Using HydroComp NavCad
To resolve static thrust problems on wind farm service vessels
HydroComp NavCad is software for resistance and propulsion that can be found in the toolbox of hundreds of naval architects and marine professionals from around the world. The latest challenge for NavCad is to help resolve a unique problem for propeller-driven wind farm service vessels (WFSVs). Much like the problems of dynamic positioning in offshore and platform support vessels, WFSVs are finding issues of insufficient thrust during static (i.e., bollard) operation. This is a solvable problem, but one which must be evaluated on a case-by-case basis.
The problem exhibited in WFSVs is one of mutually exclusive operational objectives for the propeller – efficient high speed operation versus maximum static thrust for the crew transfer maneuver. Of course, a propeller optimized for one case (high speed) will be less effective at the other (bollard).
A controllable-pitch propeller (CPP) would be the ideal solution, but since this is not generally a feasible option, we will set it aside to focus on fixed-pitch propeller (FPP) systems. For FPP propellers, maximum static thrust is determined by an equilibrium relationship between the engine’s ability to generate power and a propeller’s power requirement at a given RPM. There is one point on the engine’s power curve where the propeller cannot be spun any faster as it would require more power than the engine is capable of producing. The thrust is generated by the propeller at this RPM, and in general, more thrust means more RPM.
The solution, therefore, is to:
Increase low end power for the engine so that it can spin the propeller faster,
reduce the propeller’s power requirement (in a way that does not affect high speed operation), or
some combination of both.
So, a solution could come from different engine models with different power curves, or from different propeller characteristics that change the shape of its torque curve.
Both of these options can be evaluated by NavCad, which includes a “Towing” propulsion analysis that is built upon this equilibrium-power relationship described above. In this analysis, NavCad can find the maximum equilibrium thrust given the engine, transmission and propeller characteristics. It allows the entry (and archiving) of specific engine model power curves, so the effect of different power curves can be evaluated. It also allows for consideration of different propeller types and parameters, including their effect on cavitation breakdown. This offers the ability to look for “WFSV-friendly” propeller geometries. As mentioned above, such an analysis needs to be run on a case-by-case basis, since geometric properties like shaft angle and stern run angle needs to be considered in the analysis.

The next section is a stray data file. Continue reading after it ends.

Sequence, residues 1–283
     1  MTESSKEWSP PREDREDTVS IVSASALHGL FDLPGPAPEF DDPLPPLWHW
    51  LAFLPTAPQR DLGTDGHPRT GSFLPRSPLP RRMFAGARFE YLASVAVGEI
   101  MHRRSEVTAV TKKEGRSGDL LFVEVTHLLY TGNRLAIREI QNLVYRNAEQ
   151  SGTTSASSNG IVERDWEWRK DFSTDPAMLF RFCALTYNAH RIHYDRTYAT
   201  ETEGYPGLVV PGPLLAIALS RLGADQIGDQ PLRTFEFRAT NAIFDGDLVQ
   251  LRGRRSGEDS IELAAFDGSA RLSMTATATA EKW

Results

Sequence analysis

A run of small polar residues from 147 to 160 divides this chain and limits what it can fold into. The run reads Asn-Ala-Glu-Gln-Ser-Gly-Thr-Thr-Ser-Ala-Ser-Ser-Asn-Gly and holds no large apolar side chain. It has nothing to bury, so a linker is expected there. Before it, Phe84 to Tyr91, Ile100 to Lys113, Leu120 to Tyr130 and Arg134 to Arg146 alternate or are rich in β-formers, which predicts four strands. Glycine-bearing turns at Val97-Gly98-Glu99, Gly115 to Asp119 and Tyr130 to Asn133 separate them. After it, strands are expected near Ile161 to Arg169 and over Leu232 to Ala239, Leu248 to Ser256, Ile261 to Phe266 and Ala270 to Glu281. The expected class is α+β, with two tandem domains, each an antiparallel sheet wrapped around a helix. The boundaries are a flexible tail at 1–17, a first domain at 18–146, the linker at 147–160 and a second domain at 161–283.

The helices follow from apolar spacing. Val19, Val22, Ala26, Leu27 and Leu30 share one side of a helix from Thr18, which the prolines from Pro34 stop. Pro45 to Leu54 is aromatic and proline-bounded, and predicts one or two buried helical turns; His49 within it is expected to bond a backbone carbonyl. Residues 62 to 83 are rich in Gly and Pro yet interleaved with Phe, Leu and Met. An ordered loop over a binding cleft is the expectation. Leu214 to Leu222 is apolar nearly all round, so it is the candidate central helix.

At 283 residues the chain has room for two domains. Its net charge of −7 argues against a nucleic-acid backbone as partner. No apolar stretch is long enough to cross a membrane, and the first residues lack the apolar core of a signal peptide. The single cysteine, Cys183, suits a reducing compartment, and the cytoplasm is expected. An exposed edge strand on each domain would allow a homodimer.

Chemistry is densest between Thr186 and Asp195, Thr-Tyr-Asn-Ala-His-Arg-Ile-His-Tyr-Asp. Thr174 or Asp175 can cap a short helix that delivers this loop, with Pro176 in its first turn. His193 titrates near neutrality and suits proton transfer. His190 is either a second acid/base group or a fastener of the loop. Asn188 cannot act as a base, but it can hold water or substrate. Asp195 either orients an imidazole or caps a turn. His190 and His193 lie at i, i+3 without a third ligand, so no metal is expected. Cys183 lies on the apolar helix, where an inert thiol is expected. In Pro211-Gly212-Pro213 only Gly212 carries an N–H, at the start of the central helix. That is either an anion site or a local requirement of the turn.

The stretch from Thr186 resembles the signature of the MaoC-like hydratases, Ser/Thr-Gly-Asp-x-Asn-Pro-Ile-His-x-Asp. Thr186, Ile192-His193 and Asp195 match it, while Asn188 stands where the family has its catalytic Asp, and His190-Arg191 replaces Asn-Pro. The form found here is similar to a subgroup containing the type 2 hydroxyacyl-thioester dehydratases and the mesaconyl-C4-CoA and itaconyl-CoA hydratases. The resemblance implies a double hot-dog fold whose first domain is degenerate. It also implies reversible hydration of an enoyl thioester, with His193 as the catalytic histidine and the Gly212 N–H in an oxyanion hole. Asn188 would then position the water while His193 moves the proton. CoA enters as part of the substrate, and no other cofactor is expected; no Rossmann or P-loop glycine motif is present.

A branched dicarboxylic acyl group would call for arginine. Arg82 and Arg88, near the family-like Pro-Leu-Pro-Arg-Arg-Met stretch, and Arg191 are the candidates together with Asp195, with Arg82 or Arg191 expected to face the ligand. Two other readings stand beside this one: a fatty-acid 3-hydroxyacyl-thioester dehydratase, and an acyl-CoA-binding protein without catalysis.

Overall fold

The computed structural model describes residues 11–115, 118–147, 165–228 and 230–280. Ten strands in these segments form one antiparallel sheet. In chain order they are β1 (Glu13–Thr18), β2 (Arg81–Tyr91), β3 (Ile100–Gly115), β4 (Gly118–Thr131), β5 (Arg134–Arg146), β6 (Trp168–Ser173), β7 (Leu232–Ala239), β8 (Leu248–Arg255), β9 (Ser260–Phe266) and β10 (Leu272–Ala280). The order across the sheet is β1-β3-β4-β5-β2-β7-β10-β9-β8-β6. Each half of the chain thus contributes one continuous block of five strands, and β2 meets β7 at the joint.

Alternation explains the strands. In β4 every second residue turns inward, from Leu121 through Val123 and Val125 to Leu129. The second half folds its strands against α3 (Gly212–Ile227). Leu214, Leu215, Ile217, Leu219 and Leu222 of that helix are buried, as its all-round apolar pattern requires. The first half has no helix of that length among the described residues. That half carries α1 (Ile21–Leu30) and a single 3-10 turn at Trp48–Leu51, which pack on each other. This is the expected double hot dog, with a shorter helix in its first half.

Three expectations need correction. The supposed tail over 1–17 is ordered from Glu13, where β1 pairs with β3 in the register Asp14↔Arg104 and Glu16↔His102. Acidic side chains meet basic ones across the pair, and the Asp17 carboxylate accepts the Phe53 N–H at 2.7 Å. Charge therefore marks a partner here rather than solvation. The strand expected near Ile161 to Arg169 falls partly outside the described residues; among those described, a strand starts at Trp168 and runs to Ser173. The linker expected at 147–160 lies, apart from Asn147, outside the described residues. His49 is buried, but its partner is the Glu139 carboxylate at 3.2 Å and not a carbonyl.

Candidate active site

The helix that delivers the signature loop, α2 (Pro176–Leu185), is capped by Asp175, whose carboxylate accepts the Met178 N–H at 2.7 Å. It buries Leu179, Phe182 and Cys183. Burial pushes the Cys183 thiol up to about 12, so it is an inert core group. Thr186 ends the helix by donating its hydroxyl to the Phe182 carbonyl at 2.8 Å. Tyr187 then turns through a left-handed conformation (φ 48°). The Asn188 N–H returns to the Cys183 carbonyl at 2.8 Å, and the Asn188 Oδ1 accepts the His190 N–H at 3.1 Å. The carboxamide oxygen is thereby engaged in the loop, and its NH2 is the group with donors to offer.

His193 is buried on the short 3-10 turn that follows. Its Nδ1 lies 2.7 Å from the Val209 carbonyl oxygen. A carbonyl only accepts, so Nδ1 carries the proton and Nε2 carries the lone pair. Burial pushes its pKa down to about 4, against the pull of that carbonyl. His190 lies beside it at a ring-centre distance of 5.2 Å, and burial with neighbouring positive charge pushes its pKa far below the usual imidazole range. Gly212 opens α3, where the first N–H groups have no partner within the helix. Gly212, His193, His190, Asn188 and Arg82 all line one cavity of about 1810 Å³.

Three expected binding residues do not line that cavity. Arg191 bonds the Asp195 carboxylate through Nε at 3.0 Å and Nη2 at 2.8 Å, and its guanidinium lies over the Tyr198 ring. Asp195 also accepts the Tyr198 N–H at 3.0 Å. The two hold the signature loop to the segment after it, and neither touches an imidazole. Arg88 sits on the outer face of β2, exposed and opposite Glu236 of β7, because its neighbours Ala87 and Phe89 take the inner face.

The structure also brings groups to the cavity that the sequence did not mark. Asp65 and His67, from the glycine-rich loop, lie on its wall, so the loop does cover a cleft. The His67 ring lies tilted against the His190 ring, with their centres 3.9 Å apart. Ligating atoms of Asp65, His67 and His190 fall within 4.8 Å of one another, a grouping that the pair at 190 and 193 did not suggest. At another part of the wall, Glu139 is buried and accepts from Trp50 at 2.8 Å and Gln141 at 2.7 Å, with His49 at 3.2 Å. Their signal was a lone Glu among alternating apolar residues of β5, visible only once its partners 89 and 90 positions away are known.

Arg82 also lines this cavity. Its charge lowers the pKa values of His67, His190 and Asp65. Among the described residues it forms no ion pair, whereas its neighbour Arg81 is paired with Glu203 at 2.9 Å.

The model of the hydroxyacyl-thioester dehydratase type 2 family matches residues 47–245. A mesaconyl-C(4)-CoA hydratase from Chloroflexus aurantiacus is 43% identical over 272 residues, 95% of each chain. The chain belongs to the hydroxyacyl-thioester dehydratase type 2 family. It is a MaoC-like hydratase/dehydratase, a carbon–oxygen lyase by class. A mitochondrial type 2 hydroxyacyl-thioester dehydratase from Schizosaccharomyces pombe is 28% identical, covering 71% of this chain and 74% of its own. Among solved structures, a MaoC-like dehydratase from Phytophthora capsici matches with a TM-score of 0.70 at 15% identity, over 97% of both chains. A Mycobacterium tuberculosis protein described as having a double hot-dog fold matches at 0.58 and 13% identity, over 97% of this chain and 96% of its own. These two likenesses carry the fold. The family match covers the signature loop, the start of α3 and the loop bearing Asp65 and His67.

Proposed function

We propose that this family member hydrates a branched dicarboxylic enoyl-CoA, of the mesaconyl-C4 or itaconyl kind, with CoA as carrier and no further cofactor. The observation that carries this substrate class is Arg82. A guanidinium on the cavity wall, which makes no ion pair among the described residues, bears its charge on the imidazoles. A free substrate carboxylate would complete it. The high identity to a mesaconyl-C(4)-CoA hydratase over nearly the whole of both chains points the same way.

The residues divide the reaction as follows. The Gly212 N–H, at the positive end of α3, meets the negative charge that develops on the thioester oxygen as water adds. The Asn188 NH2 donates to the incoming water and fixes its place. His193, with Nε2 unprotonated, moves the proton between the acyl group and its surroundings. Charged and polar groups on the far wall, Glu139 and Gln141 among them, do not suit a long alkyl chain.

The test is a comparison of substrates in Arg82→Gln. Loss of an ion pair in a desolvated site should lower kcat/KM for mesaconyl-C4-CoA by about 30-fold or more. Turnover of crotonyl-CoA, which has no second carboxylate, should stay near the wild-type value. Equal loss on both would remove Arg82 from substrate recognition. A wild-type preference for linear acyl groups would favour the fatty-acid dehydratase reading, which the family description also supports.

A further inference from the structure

The following plots illustrate how NavCad can evaluate the effect on static thrust due to differences in engine power curves and propeller characteristics. The static “bollard” condition is represented by a 0.01 knot speed, and the propeller design operating speed is 20 knots.
The plots to the left show engine loading for the given power curves of engines rated at 3,000 kW at 1,000 RPM. The plots to the right are delivered thrust overlaid onto the resistance curve. The top speed is where the two lines intersect, and the static delivered thrust is found at the nominal zero speed position.
Basis – 300 kN thrust
This is the original engine and propeller. Bollard equilibrium occurs at 520 RPM.
New Engine Model – 460 kN Thrust
This is for a new engine model of the same rating but with modestly different engine power curve, using the original propeller. While the engine is not substantially different from the original, the modest increase in low RPM power results in approximately 50% increase in static thrust with increase in RPM to 660. The top speed is shown to be maintained (intersection at 20 knots).
New Propeller – 410 kN Thrust
This is for the original engine with a new propeller that is designed with characteristics to reduce torque at bollard conditions. The engine is not changed, but the new propeller delivers some 35% more static thrust at 720 engine RPM. Top speed is maintained (intersection at 20 knots).
These plots illustrate how NavCad can be used to investigate the differences in engine power curves on static thrust – where an increase in the power delivery curve at low RPM will allow the propeller to spin up to a higher RPM and generate more thrust. It also shows how NavCad can assess the effect of propeller characteristics on static thrust, where for the same power requirement a different propeller might deliver more thrust. Since maintaining top speed is an important mission constraint, NavCad’s robust resistance prediction capabilities are also critical to success.
As has been described herein, finding an acceptable overall solution to the problem of insufficient static thrust requires a tool that has the ability to
• correctly model the influence of engine curve shape and propeller performance on the equilibrium power “towing” condition at bollard, and
• properly predict vessel resistance to insure that top speed is not compromised by any changes that might be proposed.
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